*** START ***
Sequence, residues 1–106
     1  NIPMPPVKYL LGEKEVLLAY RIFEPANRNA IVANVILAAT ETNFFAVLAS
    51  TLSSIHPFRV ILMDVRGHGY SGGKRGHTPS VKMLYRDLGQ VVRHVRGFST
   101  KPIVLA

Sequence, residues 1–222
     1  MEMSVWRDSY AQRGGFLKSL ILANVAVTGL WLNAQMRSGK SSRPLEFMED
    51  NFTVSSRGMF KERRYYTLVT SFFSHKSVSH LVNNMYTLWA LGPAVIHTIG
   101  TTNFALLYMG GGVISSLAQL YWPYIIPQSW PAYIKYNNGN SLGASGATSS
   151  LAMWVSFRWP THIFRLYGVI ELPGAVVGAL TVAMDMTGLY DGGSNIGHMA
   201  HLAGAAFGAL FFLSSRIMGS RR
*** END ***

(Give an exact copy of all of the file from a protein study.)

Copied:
Sequence, residues 1–106
     1  NIPMPPVKYL LGEKEVLLAY RIFEPANRNA IVANVILAAT ETNFFAVLAS
    51  TLSSIHPFRV ILMDVRGHGY SGGKRGHTPS VKMLYRDLGQ VVRHVRGFST
   101  KPIVLA

Sequence, residues 1–222
     1  MEMSVWRDSY AQRGGFLKSL ILANVAVTGL WLNAQMRSGK SSRPLEFMED
    51  NFTVSSRGMF KERRYYTLVT SFFSHKSVSH LVNNMYTLWA LGPAVIHTIG
   101  TTNFALLYMG GGVISSLAQL YWPYIIPQSW PAYIKYNNGN SLGASGATSS
   151  LAMWVSFRWP THIFRLYGVI ELPGAVVGAL TVAMDMTGLY DGGSNIGHMA
   201  HLAGAAFGAL FFLSSRIMGS RR